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In Economics, What Is a Multiplier?

Economists look both at positive changes that can be accomplished with a single multiplier.
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  • Written By: Mary McMahon
  • Edited By: Kristen Osborne
  • Last Modified Date: 16 November 2014
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A multiplier is something that affects a system by making a change from the outside, causing interconnected elements of the system to move in response. Some examples of multipliers include fiscal policy decisions made by governments and the ability of banks to lend. In both cases, in addition to having immediate effects like raising taxes or making more credit available, the multiplier is associated with a chain reaction and a series of changes throughout the system. These changes can be predicted by economists to gauge the impact before the decision is made.

Multipliers are used to measure proportional changes in a system. Economists look both at positive changes that can be accomplished with a single multiplier, such as a decrease in the unemployment rate caused by more availability of credit and subsequent employment opportunities, and negative changes, like a decrease in consumer spending caused by tax increases. When developing economic and fiscal policy, the multiplier effect must be considered.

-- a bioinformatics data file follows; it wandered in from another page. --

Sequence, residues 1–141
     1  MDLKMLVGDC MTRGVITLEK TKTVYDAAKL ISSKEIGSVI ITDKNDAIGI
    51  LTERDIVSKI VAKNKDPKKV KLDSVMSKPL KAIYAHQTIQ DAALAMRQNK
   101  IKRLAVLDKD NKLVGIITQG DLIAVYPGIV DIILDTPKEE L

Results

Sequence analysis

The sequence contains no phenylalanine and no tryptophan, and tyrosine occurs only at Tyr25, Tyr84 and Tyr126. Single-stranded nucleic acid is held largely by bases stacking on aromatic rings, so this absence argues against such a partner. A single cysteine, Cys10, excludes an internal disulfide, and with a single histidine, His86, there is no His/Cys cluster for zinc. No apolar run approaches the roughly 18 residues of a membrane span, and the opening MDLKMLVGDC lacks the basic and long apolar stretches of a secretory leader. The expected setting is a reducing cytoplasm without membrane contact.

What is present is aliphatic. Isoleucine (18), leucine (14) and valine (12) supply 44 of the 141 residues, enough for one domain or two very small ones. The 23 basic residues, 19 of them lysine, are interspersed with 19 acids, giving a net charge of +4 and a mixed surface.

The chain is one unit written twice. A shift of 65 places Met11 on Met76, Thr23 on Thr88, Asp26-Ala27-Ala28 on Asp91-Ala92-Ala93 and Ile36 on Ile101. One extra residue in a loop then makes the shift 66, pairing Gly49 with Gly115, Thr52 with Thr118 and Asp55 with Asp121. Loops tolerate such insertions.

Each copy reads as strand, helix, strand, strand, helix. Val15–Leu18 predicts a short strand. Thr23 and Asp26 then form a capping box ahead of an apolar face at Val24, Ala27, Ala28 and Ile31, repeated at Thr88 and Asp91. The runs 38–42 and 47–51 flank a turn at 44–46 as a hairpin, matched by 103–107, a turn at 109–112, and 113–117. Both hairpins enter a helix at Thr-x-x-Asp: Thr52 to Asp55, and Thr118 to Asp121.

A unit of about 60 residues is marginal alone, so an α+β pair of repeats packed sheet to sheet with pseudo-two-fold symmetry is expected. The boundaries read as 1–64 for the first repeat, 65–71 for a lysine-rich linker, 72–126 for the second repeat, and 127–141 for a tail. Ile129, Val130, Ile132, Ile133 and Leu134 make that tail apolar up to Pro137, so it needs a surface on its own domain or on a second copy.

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The interconnected nature of economist systems is an important thing to weigh when thinking about the impact of a change on the system. In the example of taxation, lowering taxes does more than increasing personal spending because people retain more of their paychecks. It also lowers government revenues, but can also stimulate economic growth as consumers demand more products and companies increase production and expand to meet the demand. Economists making decisions think about how the multiplier will play out across the system to decide if a change will net positive or negative effects.

Governments generally want to promote stable, regular economic growth with the goal of remaining fiscally stable and keeping the population satisfied with economic conditions. Economic decline can be a cause for concern, as can rapid acceleration indicative of a bubble phenomenon. Numerous tools have been developed to quantify and explore the behaviors of national economies, as well as those on a smaller scale, and the multiplier — an external factor with a proportional impact on the economy — is an important concept.

People can see examples of the multiplier at work in a wide variety of settings, as businesses and governments alike make policy changes designed to develop economies, as well as expand businesses. Sometimes, economic predictions backfire and a policy change may not have the desired effect; for instance, instead of spending money when taxes are reduced, taxpayers might set aside their increased income in savings to address concerns about future cashflow problems and other issues.

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